Accuracy of diagnoses of HIV-related oral lesions by medical clinicians, Findings from the Women's Interagency HIV Study

Joan F. Hilton, Mario Alves, Kathryn Anastos, Alison J. Canchola, Mardge Cohen, Robert Delapenha, Deborah Greenspan, Alexandra Levine, Laurie A. MacPhail, Sandra J. Micci, Roseann Mulligan, Mahvesh Navazesh, Joan Phelan, Peter Tsaknis

Research output: Contribution to journalArticle

10 Citations (Scopus)

Abstract

Objective: To determine if medical clinicians are as accurate as dental clinicians in recognizing diagnostic characteristics of HIV-related oral lesions. Methods: In 355 HIV-infected participants at five Women's Interagency HIV Study sites, we paired oral examinations conducted within 7 days of each other by dental and medical clinicians. We used the former as a gold standard against which to evaluate the accuracy of the latter. We assessed the accuracy of the medical clinicians' findings based both on their observations of abnormalities and on their descriptions of these abnormalities. Results: Dental clinicians diagnosed some oral abnormality in 38% of participants. When "abnormality" was used as the medical clinicians' outcome, sensitivities were 75% for pseudomembranous candidiasis and 58% for erythematous candidiasis, but only 40% for hairy leukoplakia. When a precise description of the abnormality was used as their outcome, sensitivities were 19%, 12% and 20%, respectively. Conclusions: Medical clinicians recognize that HIV-related oral abnormalities are present in 40-75% of cases, but less often describe them accurately. Low sensitivity implies that the true associations of specific oral lesions with other HIV phenomena, such as time until AIDS, must be stronger than the literature suggests.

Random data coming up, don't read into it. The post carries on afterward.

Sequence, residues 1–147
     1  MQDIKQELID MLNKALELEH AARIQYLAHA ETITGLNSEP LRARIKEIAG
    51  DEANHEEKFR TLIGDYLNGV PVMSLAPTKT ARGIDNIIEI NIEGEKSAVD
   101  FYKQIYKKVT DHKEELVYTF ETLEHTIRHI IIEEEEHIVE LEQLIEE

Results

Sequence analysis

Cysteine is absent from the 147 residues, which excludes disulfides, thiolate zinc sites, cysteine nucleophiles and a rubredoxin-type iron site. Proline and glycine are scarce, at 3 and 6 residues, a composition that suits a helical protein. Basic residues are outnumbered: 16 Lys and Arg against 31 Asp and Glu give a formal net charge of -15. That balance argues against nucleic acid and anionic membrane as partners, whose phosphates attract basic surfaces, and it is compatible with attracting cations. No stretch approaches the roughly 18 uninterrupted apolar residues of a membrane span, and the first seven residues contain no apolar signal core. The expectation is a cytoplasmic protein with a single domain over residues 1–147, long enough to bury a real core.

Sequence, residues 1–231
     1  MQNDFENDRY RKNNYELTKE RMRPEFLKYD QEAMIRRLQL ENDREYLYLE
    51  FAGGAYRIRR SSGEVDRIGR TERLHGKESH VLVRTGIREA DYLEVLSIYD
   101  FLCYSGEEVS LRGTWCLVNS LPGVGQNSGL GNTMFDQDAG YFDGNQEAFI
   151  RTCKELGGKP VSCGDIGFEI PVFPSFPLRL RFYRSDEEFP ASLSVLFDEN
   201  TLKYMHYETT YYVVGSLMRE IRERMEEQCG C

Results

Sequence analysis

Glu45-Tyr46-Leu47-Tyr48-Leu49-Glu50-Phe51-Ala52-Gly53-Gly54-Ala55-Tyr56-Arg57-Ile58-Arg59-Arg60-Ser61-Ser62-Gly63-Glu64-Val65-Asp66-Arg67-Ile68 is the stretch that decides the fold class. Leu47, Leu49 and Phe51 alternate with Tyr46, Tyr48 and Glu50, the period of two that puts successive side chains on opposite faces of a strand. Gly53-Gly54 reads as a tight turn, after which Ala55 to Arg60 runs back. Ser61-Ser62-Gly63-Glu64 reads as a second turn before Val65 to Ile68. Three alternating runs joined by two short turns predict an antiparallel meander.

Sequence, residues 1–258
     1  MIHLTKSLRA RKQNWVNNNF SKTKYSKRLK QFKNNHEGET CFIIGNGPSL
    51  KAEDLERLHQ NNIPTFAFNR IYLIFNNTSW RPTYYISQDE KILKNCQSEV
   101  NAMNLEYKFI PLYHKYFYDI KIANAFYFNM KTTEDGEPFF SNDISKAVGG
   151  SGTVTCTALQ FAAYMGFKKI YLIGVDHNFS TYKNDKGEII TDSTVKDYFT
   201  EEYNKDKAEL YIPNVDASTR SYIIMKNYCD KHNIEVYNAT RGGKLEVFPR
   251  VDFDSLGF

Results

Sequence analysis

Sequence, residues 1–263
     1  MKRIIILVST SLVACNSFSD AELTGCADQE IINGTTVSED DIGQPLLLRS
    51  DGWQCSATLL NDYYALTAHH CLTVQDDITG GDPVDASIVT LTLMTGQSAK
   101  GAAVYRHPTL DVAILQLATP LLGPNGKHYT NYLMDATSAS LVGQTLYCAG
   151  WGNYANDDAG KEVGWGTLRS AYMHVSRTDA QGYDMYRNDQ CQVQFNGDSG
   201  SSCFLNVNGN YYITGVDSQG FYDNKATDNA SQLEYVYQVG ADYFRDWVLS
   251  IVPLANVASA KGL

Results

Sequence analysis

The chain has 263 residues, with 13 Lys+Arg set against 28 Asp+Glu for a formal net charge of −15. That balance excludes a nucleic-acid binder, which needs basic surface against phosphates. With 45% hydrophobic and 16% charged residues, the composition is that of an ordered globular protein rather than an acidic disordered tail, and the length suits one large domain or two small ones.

Original languageEnglish (US)
Pages (from-to)362-372
Number of pages11
JournalCommunity Dentistry and Oral Epidemiology
Volume29
Issue number5
StatePublished - 2001
Externally publishedYes

Fingerprint

Mouth Abnormalities
HIV
Tooth
Candidiasis
Hairy Leukoplakia
Oral Diagnosis
Acquired Immunodeficiency Syndrome

Keywords

  • Aids-related opportunistic infections, epidemiology
  • Mouth diseases
  • Primary health care, statistics & numerical data
  • Women's health

ASJC Scopus subject areas

  • Dentistry(all)

Cite this

Accuracy of diagnoses of HIV-related oral lesions by medical clinicians, Findings from the Women's Interagency HIV Study. / Hilton, Joan F.; Alves, Mario; Anastos, Kathryn; Canchola, Alison J.; Cohen, Mardge; Delapenha, Robert; Greenspan, Deborah; Levine, Alexandra; MacPhail, Laurie A.; Micci, Sandra J.; Mulligan, Roseann; Navazesh, Mahvesh; Phelan, Joan; Tsaknis, Peter.

In: Community Dentistry and Oral Epidemiology, Vol. 29, No. 5, 2001, p. 362-372.

Research output: Contribution to journalArticle

Hilton, JF, Alves, M, Anastos, K, Canchola, AJ, Cohen, M, Delapenha, R, Greenspan, D, Levine, A, MacPhail, LA, Micci, SJ, Mulligan, R, Navazesh, M, Phelan, J & Tsaknis, P 2001, 'Accuracy of diagnoses of HIV-related oral lesions by medical clinicians, Findings from the Women's Interagency HIV Study', Community Dentistry and Oral Epidemiology, vol. 29, no. 5, pp. 362-372.